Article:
Fuel Card News Motoring Updates: Zebra crossing faces extinction
Sixty years after its introduction, the zebra crossing is now facing extinction, due to safety fears.
The iconic crossing is being phased out and replaced by more sophisticated substitutes with lights and flashing signs. More than 1,000 zebras have gone in the past five years.
Road safety experts have long argued that zebra crossings give priority to pedestrians but do not slow vehicles down creating an accident risk.
Andrew Howard, head of road safety at the AA, said: “Essentially, drivers don't take as much notice of zebra crossings as they should because there's no red light telling them to stop, and pedestrians don't feel as safe as they do with a signal telling them when to cross.
“I suspect zebra crossings will continue to have a role in some busy town centres where they can be effective at helping people cross without constantly stopping the traffic.”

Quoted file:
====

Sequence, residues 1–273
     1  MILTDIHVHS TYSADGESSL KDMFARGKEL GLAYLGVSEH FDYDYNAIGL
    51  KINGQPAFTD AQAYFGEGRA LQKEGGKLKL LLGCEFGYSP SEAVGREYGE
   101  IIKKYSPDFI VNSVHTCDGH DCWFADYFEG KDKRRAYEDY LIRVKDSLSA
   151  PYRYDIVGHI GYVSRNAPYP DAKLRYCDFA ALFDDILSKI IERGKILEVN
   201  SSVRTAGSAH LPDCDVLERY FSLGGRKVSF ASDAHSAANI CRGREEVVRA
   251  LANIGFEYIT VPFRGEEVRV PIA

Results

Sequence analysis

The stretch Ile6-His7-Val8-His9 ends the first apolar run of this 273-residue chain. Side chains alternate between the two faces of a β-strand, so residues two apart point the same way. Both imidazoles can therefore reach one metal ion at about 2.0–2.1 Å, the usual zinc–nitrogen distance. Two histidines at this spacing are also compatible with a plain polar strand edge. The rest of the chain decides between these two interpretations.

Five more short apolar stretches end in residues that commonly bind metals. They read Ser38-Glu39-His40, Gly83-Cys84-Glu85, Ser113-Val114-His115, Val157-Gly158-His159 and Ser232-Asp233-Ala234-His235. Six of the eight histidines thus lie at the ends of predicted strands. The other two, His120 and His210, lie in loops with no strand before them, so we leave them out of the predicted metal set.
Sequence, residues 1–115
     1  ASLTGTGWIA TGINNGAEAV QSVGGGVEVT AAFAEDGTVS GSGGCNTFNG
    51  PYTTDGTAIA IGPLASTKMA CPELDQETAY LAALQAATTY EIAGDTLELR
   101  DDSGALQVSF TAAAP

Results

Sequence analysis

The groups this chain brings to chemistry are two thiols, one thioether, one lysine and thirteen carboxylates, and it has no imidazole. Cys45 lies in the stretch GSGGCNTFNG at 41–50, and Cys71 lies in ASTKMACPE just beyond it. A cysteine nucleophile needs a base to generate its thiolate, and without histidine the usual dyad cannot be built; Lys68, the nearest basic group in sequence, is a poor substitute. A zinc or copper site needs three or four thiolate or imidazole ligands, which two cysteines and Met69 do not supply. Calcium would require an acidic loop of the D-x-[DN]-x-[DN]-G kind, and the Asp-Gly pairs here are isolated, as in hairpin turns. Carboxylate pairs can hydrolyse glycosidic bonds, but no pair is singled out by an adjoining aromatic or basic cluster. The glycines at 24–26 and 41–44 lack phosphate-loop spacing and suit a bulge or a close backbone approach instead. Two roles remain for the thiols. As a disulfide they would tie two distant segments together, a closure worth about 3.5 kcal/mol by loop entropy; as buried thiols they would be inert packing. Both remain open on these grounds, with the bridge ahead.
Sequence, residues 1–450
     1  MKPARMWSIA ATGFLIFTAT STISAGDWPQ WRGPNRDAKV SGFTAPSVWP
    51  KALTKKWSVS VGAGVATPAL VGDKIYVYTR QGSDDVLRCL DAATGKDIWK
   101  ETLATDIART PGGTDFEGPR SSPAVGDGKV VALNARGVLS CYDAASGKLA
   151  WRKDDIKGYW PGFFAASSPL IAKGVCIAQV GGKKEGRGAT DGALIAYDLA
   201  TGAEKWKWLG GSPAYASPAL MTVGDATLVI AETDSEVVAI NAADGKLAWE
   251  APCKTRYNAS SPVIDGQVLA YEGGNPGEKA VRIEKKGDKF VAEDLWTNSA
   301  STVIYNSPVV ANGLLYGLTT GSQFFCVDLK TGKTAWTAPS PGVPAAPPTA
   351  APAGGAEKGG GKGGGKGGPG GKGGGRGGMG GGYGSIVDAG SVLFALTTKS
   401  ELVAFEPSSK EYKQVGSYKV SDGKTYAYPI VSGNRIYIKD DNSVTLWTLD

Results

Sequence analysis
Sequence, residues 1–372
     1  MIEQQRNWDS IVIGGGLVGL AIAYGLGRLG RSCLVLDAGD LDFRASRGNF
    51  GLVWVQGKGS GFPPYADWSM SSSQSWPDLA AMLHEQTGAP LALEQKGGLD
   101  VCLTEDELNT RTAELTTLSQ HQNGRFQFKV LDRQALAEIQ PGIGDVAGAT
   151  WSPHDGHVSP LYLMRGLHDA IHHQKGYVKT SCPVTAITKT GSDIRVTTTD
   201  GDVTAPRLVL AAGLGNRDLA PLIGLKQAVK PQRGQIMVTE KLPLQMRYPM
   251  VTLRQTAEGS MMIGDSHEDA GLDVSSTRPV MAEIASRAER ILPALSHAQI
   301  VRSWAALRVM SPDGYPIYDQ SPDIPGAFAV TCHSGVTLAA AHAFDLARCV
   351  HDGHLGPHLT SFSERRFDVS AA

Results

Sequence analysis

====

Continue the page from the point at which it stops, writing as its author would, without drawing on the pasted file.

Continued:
Howard expects zebra crossings will eventually become extinct in villages and towns within the next few years.
The Government introduced zebra crossings in 1951 as road traffic fatalities were mounting. They experimented with different pedestrian crossing markings to help improve visibility and considered both blue and yellow stripes and even red and white stripes.
In other news, a petition calling for cheaper petrol and diesel will be debated on 15 November in the main chamber of the House of Commons, FairFuelUK has confirmed.
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